What are qualifications & disqualifications for being elected as MP?

Q.  Which of the following is/are true regarding qualifications and disqualifications for being elected as MP?

1) Person should not be less than 35 years of age for being eligible to be elected to the Rajya Sabha.
2) A person can be disqualified on grounds of defection.
3) Detention of a person under a preventive detention law disqualifies a person for election to the Parliament.
4) A person punished for dowry is disqualified from being elected to the Parliament.

- Published on 02 Mar 17

a. 2, 4
b. 1, 2, 4
c. 2, 3
d. All of the above

ANSWER: 2, 4
    Qualifications - The Constitution gives following qualifications for a person to be chosen a member of the Parliament -

    (a) He must be a citizen of India.

    (b) He must make and subscribe to an oath or affirmation (as prescribed in 3rd Schedule) before the person authorized by the election commission for this purpose.

    (c) He must be not less than 30 years of age in the case of the Rajya Sabha and not less than 25 years of age in the case of the Lok Sabha.

    (d) He must possess other qualifications prescribed by Parliament.

    The Parliament has laid down the following additional qualifications in the Representation of People Act (1951) -

    (a) He must be registered as an elector for a parliamentary constituency.

    (b) The requirement that a candidate contesting an election to the Rajya Sabha from a particular state should be an elector in that particular state was dispensed with in 2003.

    (c) He must be a member of a scheduled caste or scheduled tribe in any state or union territory, if he wants to contest a seat reserved for them.

    (d) But, a member of scheduled castes or scheduled tribes can also contest a seat not reserved for them.

    Disqualifications - Under the Constitution, a person shall be disqualified for being elected as a member of Parliament -

    (a) if he holds any office of profit under the Union or state government (except that of a minister or any other office exempted by Parliament);

    (b) if he is of unsound mind and stands so declared by a court;

    (c) if he is an undischarged insolvent;

    (d) if he is not a citizen of India or has voluntarily acquired the citizenship of a foreign state or is under any acknowledgement of allegiance to a foreign state; and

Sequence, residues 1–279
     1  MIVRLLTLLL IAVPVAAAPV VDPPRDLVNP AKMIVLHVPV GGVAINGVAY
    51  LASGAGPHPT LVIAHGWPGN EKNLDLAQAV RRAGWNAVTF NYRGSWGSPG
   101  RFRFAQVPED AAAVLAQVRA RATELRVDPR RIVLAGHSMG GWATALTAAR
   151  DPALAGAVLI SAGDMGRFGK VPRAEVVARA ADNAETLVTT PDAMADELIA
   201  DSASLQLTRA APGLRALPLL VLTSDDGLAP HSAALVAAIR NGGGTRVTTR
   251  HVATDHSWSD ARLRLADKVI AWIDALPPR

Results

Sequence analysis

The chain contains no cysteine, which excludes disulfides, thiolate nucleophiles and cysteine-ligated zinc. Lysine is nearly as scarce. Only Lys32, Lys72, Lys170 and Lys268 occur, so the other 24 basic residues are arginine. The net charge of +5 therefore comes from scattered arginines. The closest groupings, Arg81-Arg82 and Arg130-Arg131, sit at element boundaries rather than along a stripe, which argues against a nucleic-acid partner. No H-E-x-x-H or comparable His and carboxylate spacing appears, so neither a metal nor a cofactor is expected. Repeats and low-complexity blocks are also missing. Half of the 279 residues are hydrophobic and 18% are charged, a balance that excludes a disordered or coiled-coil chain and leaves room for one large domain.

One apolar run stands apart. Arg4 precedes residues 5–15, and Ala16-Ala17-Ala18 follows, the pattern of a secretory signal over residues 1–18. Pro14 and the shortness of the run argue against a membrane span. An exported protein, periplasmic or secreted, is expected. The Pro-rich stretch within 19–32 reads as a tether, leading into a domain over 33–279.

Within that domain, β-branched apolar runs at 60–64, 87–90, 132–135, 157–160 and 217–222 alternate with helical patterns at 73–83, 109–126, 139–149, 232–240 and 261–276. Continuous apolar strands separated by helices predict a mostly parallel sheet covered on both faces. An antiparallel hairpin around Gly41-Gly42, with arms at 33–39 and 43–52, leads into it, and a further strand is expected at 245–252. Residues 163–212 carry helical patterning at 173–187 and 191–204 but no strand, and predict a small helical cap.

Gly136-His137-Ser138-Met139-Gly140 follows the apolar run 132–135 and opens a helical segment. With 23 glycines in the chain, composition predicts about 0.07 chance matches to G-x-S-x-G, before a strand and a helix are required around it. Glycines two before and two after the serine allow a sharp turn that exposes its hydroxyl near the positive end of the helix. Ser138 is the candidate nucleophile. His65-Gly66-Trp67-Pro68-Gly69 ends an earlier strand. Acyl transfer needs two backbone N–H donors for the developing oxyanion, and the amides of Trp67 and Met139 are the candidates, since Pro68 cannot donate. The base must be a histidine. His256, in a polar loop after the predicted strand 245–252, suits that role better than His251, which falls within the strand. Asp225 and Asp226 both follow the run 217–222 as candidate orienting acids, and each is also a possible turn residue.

(e) if he is so disqualified under any law made by Parliament.

    The Parliament has laid down following additional disqualifications in the Representation of People Act (1951) -

    (a) He must not have been found guilty of certain election offences or corrupt practices in the elections.

    (b) He must not have been convicted for any offence resulting in imprisonment for two or more years.

    (c) But, the detention of a person under a preventive detention law is not a disqualification.

    (d) He must not have failed to lodge an account of his election expenses within the time.

    (e) He must not have any interest in government contracts, works or services.

    (f) He must not be a director or managing agent nor hold an office of profit in a corporation in which the government has at least 25 per cent share.

    (g) He must not have been dismissed from government service for corruption or disloyalty to the State.

    (h) He must not have been convicted for promoting enmity between different groups or for the offence of bribery.

    (i) He must not have been punished for preaching and practicing social crimes such as untouchability, dowry and sati.

  • On the question whether a member is subject to any of the above disqualifications, the president’s decision is final.

  • However, he should obtain the opinion of the election commission and act accordingly.

  • There will be disqualification on grounds of defection too.

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